Also yesterday, the Catholic Church said it was giving priority to hundreds of thousands of displaced people in Bohol for the restoration of centuries-old churches destroyed by the earthquake.
Speaking on Church-run Radio Veritas, Cebu Archbishop Jose Palma, president of the Catholic Bishops’ Conference of the Philippines (CBCP), said that while restoring the churches was a major concern for the Church, helping the displaced survivors must take precedence.
“Our interest is not yet the churches but the people,” Palma said. “Let us not worry that even if this is happening, we still continue the journey … something good will come out of the rubble.”
On Tuesday, the CBCP committee for the cultural heritage of the Church disclosed that the cost of restoration and reconstruction would range from P80 million to P100 million for each church depending on the extent of damage.
The 17th-century Loboc Church or Church of San Pedro and the old churches in the towns of Clarin, Inabanga, Loon, Maribojoc and Tubigon were among those that were destroyed by the earthquake.
The church in Baclayon town—one of the oldest in the Philippines and Asia—and the churches in Antequera, Bilar, Calape, Carmen, Corellas, Cortes, Danao, Dauis, Dimiao, Lila, Loay, Panglao, Sikatuna, Tagbilaran City, Talibon and Trinidad also suffered major damage.
On Wednesday, Tagbilaran Bishop Leonardo Medroso met all the priests, religious congregations and lay organizations in the Diocese of Tagbilaran and discussed how they could sustain relief efforts in the province.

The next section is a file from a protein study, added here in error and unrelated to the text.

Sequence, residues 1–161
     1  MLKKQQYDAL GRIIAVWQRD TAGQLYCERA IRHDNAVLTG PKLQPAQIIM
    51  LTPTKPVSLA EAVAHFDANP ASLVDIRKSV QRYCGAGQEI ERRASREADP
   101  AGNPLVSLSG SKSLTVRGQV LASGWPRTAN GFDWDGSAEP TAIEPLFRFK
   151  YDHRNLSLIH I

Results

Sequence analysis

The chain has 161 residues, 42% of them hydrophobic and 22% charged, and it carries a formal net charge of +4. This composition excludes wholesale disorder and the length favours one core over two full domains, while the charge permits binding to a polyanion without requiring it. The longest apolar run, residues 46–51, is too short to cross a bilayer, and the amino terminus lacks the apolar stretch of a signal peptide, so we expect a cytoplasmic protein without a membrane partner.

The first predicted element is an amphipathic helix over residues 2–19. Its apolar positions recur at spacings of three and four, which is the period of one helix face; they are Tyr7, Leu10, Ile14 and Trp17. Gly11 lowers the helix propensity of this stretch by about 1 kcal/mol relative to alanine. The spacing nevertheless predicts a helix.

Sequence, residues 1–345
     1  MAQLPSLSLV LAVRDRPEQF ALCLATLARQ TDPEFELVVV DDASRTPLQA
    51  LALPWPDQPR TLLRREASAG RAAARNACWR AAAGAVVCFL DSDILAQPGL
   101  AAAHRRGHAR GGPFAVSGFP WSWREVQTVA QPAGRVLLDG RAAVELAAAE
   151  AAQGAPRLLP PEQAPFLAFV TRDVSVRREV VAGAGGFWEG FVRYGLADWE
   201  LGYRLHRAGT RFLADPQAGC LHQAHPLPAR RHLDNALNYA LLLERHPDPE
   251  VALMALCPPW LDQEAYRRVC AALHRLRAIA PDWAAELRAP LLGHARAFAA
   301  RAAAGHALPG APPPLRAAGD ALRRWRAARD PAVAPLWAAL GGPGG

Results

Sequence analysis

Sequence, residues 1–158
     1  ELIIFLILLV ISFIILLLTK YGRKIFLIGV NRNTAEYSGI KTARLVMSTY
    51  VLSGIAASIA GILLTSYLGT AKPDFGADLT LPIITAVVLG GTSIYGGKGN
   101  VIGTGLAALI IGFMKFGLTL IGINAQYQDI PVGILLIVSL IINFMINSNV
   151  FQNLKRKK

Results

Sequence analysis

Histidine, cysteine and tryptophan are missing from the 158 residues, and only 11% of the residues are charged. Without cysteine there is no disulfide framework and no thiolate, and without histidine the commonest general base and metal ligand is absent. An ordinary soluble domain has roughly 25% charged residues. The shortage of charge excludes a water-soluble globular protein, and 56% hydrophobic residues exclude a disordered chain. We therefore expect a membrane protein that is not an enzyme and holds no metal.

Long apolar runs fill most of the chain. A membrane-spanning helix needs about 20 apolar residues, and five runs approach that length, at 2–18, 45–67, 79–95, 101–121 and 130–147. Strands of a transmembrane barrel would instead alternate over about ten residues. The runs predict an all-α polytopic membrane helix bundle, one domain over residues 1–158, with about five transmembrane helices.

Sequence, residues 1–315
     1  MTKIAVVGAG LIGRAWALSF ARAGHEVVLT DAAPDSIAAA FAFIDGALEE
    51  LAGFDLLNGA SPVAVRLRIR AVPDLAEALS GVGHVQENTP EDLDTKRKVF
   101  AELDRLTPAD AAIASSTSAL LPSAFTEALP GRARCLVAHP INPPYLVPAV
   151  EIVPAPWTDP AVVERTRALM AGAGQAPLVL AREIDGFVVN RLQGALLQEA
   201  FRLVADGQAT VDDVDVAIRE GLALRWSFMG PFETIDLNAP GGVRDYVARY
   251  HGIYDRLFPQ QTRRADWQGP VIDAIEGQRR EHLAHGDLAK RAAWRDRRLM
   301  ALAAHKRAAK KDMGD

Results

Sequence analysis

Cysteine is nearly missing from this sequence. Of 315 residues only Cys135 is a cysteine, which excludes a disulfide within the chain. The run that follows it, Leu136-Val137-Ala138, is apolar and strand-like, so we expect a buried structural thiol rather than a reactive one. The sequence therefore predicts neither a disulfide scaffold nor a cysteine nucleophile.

Medroso said the participants agreed to provide temporary shelter to the thousands of families displaced by the quake. Urgently needed are tents, which will be put up in safe and open areas.
The CBCP National Secretariat for Social Action (Nassa) said it would be able to sustain its relief work in Bohol with the approval of its application for funding of P14.2 million by Caritas Internationalis.
Fr. Edu Gariguez, executive secretary of Nassa, said that with fresh funds, his organization would be able to boost its massive relief effort in Maribojoc, Inabanga, Carmen, Danao and Sagbayan, the hardest-hit towns in Bohol.
Gariguez said the funds would be used to provide shelter, food and other relief stocks for survivors of the quake in the five towns.
Meanwhile, Medroso welcomed the decision of the Commission on Elections to postpone the Oct. 28 barangay elections in Bohol.
“The great calamity that devastated Bohol reduced the people to survival [mode] that to engage in politics like an election is improper to say the least,” Medroso told reporters. Reports from Tarra Quismundo, Jocelyn R. Uy and AFP